Instructions to the 1880 Census Taker


The important point in this Schedule is the question in the column, headed "Disease or cause of death." Especial pains must be taken in this column to make the answer full and exact, and to this end, attention is called to the following points:

Enter the name of the primary disease in all cases, and where the immediate cause of death has been a complication or consequence of the primary disease, enter that also. For instance, enter all cases of death resulting either immediately or remotely from measles, scarlet fever, typhoid fever, remittent fever, small pox, &c., under the names of those diseases, but add also dropsy, hemorrhage from the bowels, pneumonia, and &c., if these occurred as complications and were the more immediate cause of death. In cases of death from hemorrhage, specify the origin of the hemorrhage, thus: hemorrhage from aortic aneurism, hemorrhage from ulcer of intestines in typhoid fever, hemorrhage from lungs, hemorrhage from wound of neck, &c. So also for abscess, aneurism, cancer, carbuncle, dropsy, tumor, ulcer, specify the organ or part affected, as iliac abscess, abscess of liver; femoral aneurism; carbuncle on lip; cancer of breast, cancer of uterus, cancer of face; dropsy of chest, dropsy of abdomen; inflammation of brain, inflammation of liver; tumor of neck, tumor of abdomen; ulcer of face, ulcer of groin, &c. Typhus, typhoid, and typho-malarial fevers should be carefully distinguished. Especial inquiry should be made for cases of "still-births", including infants born dead from whatever cause. As few deaths as possible should be reported under such general terms as disease of the throat, disease of the brain, disease of the liver, disease of the lungs, disease of the bowels, disease of the spine, &c. These should, as far as possible, be reported under special heads.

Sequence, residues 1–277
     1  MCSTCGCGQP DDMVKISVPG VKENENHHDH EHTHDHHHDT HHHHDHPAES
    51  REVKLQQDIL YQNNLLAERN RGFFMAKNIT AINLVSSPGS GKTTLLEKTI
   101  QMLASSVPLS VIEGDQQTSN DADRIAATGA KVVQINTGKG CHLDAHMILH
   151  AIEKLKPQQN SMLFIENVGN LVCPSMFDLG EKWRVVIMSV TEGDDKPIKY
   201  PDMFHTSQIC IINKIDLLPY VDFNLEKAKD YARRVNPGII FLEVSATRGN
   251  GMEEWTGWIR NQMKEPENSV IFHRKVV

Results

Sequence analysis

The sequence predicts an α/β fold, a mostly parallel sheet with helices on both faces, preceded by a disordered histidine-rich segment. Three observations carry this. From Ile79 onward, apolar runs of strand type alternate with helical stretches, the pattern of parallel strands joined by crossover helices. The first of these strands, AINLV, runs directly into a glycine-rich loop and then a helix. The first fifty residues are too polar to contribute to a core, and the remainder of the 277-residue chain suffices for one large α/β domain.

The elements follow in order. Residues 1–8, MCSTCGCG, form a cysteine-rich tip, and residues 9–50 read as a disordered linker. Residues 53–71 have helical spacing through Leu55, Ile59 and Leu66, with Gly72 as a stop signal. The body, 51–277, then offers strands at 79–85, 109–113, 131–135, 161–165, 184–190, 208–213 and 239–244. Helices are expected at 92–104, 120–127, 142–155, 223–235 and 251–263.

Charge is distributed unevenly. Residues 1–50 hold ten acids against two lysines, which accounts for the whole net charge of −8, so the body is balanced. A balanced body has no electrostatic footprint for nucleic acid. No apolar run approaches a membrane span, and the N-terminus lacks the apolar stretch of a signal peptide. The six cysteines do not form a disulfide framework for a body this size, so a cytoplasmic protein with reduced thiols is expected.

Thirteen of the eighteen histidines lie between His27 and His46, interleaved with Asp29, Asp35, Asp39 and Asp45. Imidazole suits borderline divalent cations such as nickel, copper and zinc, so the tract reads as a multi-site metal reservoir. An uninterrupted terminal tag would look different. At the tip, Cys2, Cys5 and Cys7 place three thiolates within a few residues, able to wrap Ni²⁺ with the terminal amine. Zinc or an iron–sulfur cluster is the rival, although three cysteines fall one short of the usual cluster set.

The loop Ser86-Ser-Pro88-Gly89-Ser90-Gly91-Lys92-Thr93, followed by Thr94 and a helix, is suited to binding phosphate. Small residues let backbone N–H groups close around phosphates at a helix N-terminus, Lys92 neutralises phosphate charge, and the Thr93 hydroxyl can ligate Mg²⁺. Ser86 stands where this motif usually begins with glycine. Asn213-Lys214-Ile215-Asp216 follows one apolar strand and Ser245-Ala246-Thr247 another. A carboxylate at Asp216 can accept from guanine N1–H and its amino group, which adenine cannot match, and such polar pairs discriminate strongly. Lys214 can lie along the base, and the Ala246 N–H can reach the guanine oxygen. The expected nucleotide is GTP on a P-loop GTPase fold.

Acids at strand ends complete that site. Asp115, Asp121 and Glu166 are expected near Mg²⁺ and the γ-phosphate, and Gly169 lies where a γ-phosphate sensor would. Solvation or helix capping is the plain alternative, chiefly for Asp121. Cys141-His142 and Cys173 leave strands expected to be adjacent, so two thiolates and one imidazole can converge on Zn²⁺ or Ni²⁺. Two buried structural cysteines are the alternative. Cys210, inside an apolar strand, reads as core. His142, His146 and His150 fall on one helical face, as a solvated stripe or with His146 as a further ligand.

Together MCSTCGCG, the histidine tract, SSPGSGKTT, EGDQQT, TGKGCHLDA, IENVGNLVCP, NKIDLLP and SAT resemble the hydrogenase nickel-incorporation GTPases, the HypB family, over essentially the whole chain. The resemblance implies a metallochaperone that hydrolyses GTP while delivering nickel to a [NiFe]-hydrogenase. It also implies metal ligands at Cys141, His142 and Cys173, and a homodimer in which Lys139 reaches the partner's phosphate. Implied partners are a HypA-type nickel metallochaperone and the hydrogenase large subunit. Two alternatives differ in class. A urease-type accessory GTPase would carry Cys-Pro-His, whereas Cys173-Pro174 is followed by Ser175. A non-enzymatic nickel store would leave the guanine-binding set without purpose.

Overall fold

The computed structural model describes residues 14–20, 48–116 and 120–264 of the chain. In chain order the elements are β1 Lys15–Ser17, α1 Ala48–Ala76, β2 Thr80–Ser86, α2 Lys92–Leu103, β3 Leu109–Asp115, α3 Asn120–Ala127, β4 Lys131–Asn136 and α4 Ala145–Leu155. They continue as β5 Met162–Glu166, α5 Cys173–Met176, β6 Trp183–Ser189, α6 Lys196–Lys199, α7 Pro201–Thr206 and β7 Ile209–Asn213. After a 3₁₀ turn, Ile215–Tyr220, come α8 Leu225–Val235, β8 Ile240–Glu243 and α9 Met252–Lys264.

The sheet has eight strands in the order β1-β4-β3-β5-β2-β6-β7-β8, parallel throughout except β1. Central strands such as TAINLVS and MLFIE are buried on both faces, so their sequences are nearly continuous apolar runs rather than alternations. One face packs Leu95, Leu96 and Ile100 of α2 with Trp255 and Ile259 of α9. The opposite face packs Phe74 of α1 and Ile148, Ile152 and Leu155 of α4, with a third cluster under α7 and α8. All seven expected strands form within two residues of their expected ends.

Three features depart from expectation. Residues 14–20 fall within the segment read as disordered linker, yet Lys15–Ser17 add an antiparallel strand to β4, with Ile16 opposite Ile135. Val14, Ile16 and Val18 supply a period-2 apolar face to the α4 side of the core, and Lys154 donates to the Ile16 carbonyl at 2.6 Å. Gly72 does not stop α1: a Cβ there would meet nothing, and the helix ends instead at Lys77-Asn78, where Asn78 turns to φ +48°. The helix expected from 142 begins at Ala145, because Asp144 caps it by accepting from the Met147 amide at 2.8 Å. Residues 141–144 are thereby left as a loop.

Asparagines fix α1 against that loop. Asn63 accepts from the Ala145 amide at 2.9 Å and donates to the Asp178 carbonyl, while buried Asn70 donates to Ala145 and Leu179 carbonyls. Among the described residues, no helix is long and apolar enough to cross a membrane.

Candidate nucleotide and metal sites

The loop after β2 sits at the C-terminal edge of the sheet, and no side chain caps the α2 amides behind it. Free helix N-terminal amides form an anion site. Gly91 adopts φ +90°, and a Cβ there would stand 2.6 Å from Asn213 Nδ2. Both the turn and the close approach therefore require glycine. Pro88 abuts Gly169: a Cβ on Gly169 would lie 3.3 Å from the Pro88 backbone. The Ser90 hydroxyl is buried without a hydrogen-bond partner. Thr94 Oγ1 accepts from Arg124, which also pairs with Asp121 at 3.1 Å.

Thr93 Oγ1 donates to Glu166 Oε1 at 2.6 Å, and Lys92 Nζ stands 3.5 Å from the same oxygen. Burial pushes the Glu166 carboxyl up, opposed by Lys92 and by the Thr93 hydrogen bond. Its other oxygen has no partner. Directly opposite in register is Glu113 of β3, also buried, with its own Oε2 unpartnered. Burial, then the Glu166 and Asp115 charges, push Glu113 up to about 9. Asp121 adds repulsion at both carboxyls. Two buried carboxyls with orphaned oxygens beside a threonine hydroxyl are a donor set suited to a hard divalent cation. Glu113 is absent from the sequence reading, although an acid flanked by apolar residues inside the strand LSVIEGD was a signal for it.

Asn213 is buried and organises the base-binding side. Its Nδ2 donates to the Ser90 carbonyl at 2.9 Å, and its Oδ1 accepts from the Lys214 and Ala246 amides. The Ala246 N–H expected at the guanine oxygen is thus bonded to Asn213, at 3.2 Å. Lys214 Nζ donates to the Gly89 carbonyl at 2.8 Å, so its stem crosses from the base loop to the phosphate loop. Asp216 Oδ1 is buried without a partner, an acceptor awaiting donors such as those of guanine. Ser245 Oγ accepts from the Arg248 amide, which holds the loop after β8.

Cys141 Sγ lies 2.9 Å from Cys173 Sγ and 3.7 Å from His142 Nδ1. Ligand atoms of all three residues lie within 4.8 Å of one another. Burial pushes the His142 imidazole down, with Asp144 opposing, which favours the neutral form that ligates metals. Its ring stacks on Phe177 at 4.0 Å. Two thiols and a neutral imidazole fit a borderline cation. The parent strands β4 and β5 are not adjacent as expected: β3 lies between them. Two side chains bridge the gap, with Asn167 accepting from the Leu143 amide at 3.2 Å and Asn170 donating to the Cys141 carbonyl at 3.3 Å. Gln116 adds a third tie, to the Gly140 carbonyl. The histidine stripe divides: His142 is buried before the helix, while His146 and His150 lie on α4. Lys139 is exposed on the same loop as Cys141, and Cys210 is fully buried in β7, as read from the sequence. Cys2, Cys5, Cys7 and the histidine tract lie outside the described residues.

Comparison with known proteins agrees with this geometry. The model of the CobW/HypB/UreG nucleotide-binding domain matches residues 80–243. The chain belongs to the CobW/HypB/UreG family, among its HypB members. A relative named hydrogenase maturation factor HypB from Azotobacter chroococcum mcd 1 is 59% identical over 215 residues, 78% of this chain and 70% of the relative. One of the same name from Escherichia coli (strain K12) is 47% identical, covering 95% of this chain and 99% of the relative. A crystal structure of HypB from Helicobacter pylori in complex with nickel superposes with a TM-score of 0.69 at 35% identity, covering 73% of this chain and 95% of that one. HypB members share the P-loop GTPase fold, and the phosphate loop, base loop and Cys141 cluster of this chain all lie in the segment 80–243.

Make sure that the distinction between apoplexy, epilepsy, and paralysis is understood. Distinguish between acute and chronic bronchitis, acute and chronic dysentery or diarrhoea, acute and chronic rheumatism. Report cerebro-spinal meningitis as cerebro-spinal fever. Do not report as the cause of death old age, or intemperance, or debility, or paralysis of the heart, or sudden death, in any case where it is possible to name any definite disease. In reporting suicide name the means, whether cutting of throat, hanging, drowning, shooting, poisoning by opium, arsenic, &c.

A space is left at the bottom of each page of this Schedule for remarks. It is desired that the enumerators should there describe any particular malady or unusual or peculiar disease which has prevailed in the subdivision, and the supposed cause thereof. In case of any unusual number of deaths by violence or accident (as by the caving of a mine, or similar calamity), an explanation should be given in the space for remarks.

The enumerator should endeavor to see in person every physician residing in or near his enumeration district, who is name in this Schedule as the physician attending at death, and courteously invite him to inspect the entries in regard to the cause of death in his cases, and to verify or restate them as the facts may demand. For this purpose spaces are provided below, numbered to correspond with the lines of the Schedule upon the other side.

If the physician finds the entry in the Schedule correct and fully in accordance with the foregoing instructions he is requested to make the entry in the proper numbered space below: Correctly stated. If he does not deem it correct, it is desired that he restate the cause of death in the numbered space in accordance with his own views, signing each entry.

The enumerator should also inquire of each physician within his enumeration district whether he has a record or register of deaths occurring during the Census year, kept at the request of the Superintendent of Census, and if so, will offer to take charge of and forward the same to the Census Office under his official frank.



Back to the 1880 Mortality Schedule